22 Jump Street (MA15+, 112 mins ★★★) Read Jake Wilson's full review
The gifted team who brought us The Lego Movie, Phil Lord and Christopher Miller, share a nerdy, neat-freak sensibility that tends to focus on form at the expense of content. 22 Jump Street is not only premised on the notion of characters leading "double lives", it's obsessed with doubling in general: with the ways two things can be both different and the same, like a movie and its sequel. Or like the hunky Jenko (Channing Tatum) and the chunky Schmidt (Jonah Hill), who serve as halves of a single personality – a theme usefully spelt out in an opening lecture on the concept of yin and yang. Double meanings are similarly the basis for most of the film's verbal humour.
Trailer: 22 Jump Street
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Trailer: 22 Jump Street
After making their way through high school (twice), big changes are in store for officers Schmidt and Jenko when they go deep undercover at a local college.
Blended (PG, 117 mins, ★★) Read Philippa Hawker's full review
Bland on the one hand, tacky on the other, Blended lives up to its name in more ways than one. It reunites Adam Sandler and Drew Barrymore, who were a winning combination in 1998's The Wedding Singer (also directed by Blended's Frank Coraci) and 50 First Dates. Sixteen years on, their relationship has been adjusted to reflect the passage of time. Now they are single parents who go on a disastrous blind date, then end up unwittingly sharing a holiday (and a suite) at an expensive South African resort with a program devoted to blended families. Any potential in that set-up is soon frittered away in sluggish, protracted, predictable gags that play over the course of almost two hours.
Gabrielle (M, 103 mins, ★★★☆) Read Paul Byrnes' full review
Gabrielle is a French-Canadian film about a 22-year-old woman who wants what everyone wants – a sense of independence, somewhere to live and someone to love. The difficulty is that she has Williams syndrome, lives in a group home with other intellectually impaired adults, and is diabetic. The syndrome makes her highly gregarious, very verbal and musical, but doing things such as making a piece of toast can unnerve her. Quebecois director Louise Archambault, making her second feature, takes a documentary approach, unfolding the life of her characters with great delicacy and care. The film does not even mention that Gabrielle has Williams syndrome, nor try to explain it. Nor do we know which of the actors has an intellectual disability and which do not.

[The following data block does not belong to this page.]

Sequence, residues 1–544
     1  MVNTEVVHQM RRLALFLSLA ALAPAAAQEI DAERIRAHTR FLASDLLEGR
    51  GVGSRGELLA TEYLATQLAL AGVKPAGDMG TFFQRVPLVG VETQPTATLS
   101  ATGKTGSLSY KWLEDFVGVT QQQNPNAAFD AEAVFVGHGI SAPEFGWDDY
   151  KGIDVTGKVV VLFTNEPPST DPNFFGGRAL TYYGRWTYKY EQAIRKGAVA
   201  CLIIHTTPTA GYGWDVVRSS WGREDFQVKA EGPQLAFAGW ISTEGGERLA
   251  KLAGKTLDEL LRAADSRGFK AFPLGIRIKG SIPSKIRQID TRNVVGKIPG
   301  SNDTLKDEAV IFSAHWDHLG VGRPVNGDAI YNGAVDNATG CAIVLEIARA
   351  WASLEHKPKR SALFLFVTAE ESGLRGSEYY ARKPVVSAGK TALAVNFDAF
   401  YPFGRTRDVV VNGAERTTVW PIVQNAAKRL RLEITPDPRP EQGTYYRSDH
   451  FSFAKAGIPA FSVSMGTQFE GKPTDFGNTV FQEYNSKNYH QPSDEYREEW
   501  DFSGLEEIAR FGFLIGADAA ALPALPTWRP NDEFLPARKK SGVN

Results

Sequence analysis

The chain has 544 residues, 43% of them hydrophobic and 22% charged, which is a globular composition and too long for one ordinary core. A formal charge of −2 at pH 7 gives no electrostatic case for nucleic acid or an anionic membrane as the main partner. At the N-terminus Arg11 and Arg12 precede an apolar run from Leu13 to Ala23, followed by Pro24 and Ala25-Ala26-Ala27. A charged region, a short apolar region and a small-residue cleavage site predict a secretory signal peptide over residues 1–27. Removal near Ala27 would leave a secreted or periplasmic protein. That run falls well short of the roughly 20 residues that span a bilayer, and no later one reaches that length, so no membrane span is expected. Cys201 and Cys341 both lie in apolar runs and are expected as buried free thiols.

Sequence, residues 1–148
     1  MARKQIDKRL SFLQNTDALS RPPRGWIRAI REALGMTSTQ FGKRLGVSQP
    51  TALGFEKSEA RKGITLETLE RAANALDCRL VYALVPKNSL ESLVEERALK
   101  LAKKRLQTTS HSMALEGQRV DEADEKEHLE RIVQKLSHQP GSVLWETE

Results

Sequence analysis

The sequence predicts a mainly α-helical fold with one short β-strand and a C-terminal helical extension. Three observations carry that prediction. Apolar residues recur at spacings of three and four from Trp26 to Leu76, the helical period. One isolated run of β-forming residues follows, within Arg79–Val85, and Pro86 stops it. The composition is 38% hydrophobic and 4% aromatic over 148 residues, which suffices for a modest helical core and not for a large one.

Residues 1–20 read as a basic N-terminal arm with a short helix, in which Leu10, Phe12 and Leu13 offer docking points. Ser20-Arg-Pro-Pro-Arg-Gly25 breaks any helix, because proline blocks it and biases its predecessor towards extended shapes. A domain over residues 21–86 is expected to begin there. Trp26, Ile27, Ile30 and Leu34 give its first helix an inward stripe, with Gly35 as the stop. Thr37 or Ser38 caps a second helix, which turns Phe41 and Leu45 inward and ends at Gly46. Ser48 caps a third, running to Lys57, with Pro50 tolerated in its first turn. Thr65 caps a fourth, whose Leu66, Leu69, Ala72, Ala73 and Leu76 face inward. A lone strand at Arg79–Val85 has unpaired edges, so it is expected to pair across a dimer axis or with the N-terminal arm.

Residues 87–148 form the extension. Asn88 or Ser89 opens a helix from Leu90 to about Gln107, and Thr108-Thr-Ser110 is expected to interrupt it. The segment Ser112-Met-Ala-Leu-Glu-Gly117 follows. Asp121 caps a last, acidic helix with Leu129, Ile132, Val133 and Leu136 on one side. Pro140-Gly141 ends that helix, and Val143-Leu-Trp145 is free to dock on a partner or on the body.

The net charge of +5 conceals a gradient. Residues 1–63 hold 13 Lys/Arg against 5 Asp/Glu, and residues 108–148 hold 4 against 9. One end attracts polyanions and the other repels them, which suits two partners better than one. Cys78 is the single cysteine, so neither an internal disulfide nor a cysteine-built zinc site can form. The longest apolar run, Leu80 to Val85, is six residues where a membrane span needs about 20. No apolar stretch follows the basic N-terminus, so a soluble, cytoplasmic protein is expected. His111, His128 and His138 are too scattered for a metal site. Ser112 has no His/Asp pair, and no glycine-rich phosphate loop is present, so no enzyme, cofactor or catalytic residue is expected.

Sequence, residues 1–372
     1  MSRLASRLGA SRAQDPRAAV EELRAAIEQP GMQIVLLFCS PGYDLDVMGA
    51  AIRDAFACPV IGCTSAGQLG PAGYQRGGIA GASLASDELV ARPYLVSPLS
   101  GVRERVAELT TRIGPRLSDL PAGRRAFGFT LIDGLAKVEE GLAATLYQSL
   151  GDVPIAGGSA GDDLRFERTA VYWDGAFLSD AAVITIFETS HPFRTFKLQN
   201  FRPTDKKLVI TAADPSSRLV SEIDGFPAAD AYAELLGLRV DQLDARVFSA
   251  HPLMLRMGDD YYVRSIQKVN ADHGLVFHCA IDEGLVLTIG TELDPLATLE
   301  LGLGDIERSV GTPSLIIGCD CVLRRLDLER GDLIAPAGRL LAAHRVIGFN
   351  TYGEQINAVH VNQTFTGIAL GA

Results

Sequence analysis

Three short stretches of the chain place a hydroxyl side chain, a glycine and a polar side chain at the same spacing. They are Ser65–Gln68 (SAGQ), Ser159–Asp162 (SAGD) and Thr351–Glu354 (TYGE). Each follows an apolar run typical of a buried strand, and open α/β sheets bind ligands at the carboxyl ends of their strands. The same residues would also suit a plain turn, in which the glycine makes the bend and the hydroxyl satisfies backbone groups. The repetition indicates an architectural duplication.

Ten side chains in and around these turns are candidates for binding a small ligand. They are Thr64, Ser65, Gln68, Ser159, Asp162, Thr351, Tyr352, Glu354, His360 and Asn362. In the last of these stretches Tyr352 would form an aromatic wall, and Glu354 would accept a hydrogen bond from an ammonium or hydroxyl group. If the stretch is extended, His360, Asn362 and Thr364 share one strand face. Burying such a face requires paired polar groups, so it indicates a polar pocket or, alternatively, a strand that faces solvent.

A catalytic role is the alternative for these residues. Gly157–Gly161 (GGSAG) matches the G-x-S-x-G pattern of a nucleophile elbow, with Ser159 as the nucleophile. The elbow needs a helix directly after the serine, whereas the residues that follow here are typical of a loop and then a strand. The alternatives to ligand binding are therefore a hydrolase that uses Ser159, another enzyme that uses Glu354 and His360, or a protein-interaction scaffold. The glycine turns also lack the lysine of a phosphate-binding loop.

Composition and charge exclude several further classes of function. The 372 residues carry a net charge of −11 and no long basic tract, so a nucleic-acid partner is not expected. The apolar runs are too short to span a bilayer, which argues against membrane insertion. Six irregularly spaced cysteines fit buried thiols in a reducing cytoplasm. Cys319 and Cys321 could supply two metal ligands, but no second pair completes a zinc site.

Good Vibrations (MA15+, 103 mins, ★★☆) Read Jake Wilson's full review
Can there be such a thing as punk nostalgia? Lisa Barros D'Sa and Glenn Leyburn's Good Vibrations, shot in cosy near-sepia tones by cinematographer Ivan McCullough, certainly takes an upbeat look back at some tough times. Set in Belfast at the height of the Troubles, it's a story about how music can bring people together even as society falls apart. It's also a tribute to fans, one universally recognisable type of male fan in particular: scruffy, obsessive, and well advanced into middle age, with the wild eyes and peaceful grin of a man who has stumbled on the secret of happiness. Endearingly played by Richard Dormer, the fan in question is Terri Hooley, a real-life Belfast identity known as the founder of the Good Vibrations record store and label. In his plaid shirt and schoolteacher's jumper, he looks totally out of place at his first punk gig; his glory is that he just doesn't care.
The Face of Love (M, 92 mins, ★★☆) Read Philippa Hawker's full review
In The Face Of Love Annette Bening plays Nikki, a widow of five years who is still mourning the death of her drowned husband. Then one day she catches sight of a man who is his double. She engineers a meeting, and begins a relationship with him. Ed Harris plays the late husband – who is seen several times in flashbacks, in Nikki's vivid memories – as well as his doppelganger, an artist called Tom. There are echoes of Vertigo (and of Francois Ozon's Under The Sand) in this tale of rediscovered love and obsession, in which ambiguity is a necessary element. But co-writer and director Arie Posin doesn't seem sure if he's making a thriller, a melodrama or a romantic drama, and signposts these different possibilities in a somewhat bland and obvious fashion.